Michael Free (left) holds a light emitting diode and Prashant Sarswat (right) holds carbon dots in suspension.

U researchers create light emitting diodes from food and beverage waste

Most Christmas lights, televisions and flashlights have one thing in common: they’re made with light emitting diodes (LEDs). LEDs are widely used for a variety of applications and have been a popular, more efficient alternative to fluorescent and incandescent bulbs for the past few decades. Two University of Utah researchers have now found a way to create LEDs from food and beverage waste. In addition to utilizing food and beverage waste that would otherwise decompose and be of no use, this development can also reduce potentially harmful waste from LEDs generally made from toxic elements.

LEDs are a type of device … Read more

An exterior design rendering of the east corner of the Tibetan Community Center

Transforming a warehouse into a community center

A team of students from the University of Utah School of Architecture, led by Associate Professor Lisa Henry Benham, collaborated with the Utah Tibetan Association to conceptualize the design of the new Tibetan Community Center. Located at 135 W. 2950 South, the 10,000-square-foot building will open Sunday, Oct. 11, and the center will serve as a place of reflection and prayer for Utah’s Tibetan community.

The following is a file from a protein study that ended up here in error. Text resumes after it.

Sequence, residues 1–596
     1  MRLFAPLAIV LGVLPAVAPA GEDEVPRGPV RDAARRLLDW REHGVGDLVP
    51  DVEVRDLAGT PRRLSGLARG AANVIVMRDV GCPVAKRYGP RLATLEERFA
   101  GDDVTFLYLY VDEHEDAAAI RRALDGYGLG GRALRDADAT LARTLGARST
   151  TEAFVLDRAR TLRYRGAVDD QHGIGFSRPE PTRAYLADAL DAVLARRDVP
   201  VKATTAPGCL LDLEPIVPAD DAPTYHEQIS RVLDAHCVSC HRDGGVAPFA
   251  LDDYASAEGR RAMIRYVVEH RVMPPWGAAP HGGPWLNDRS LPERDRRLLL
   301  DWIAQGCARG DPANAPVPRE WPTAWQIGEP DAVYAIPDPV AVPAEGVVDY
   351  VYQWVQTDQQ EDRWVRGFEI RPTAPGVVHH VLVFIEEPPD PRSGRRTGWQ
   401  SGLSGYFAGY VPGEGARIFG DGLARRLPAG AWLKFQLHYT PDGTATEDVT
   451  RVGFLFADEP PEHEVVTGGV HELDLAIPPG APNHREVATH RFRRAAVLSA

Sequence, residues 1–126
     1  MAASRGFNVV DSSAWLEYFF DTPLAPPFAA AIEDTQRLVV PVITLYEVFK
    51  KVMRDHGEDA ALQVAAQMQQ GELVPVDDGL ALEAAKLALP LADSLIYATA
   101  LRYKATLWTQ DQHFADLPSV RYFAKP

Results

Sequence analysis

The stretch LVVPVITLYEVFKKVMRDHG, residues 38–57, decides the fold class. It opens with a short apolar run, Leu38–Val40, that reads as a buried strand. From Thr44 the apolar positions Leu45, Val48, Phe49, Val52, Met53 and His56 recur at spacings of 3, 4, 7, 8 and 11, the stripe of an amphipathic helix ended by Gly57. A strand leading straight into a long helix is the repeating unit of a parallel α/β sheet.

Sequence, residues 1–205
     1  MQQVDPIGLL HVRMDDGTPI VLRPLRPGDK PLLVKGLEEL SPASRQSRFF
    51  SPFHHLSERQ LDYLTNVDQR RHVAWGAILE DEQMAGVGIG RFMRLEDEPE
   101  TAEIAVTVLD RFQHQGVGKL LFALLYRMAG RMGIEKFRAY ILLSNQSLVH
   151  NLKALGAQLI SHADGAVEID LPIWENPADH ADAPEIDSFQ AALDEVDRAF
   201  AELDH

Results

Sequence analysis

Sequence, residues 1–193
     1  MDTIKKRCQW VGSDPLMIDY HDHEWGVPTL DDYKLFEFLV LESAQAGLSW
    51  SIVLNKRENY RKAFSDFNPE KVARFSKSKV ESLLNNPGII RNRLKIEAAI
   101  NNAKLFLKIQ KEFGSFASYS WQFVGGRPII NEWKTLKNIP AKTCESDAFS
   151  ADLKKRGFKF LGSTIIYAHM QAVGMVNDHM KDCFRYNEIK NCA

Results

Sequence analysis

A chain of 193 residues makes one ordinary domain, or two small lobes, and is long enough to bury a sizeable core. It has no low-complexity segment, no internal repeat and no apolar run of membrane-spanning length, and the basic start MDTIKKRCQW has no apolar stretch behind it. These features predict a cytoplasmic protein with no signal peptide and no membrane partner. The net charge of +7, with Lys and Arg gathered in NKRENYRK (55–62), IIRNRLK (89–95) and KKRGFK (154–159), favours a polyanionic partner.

“Gratitude was a major theme in this process and project,” said Henry Benham. “It manifested in both directions — the community has been grateful for our involvement, and our students and I are thankful for this … Read more

Joshua Schiffman, M.D., pediatric oncologist at the Huntsman Cancer Institute at the University of Utah, has led a study that could explain why elephants rarely get cancer. Elephants have extra copies of a gene that encodes a well-defined tumor suppressor, p53. Elephants may also have a more robust mechanism for killing damaged cells that are at risk for becoming cancerous. The findings could lead to new strategies for treating cancer in humans.

Why Elephants Rarely Get Cancer

Why elephants rarely get cancer is a mystery that has stumped scientists for decades. A study led by researchers at Huntsman Cancer Institute (HCI) at the University of Utah and Arizona State University, and including researchers from the Ringling Bros. Center for Elephant Conservation, may have found the answer.

According to the results, published today in the Journal of the American Medical Association (JAMA), and determined over the course of several years and a unique collaboration between HCI, Primary Children’s Hospital, Utah’s Hogle Zoo, and the Ringling Bros. Center for Elephant Conservation, elephants have 38 additional modified copies (alleles) of a … Read more

Two students examine a virtual 3-D model of a dinosaur bone from the museum's fossil collections.

Natural History Museum of Utah to launch innovative digital program for middle schoolers

This month the Natural History Museum of Utah at the University of Utah will launch a new digital program called Research Quest that will give middle school students across the state of Utah the chance to explore some of the museum’s paleontology collections through in-depth, classroom-based investigations. After two years of prototyping the program with 250 students across seven of Utah’s Title I schools, museum researchers have found the program to be effective in increasing students’ critical thinking skills.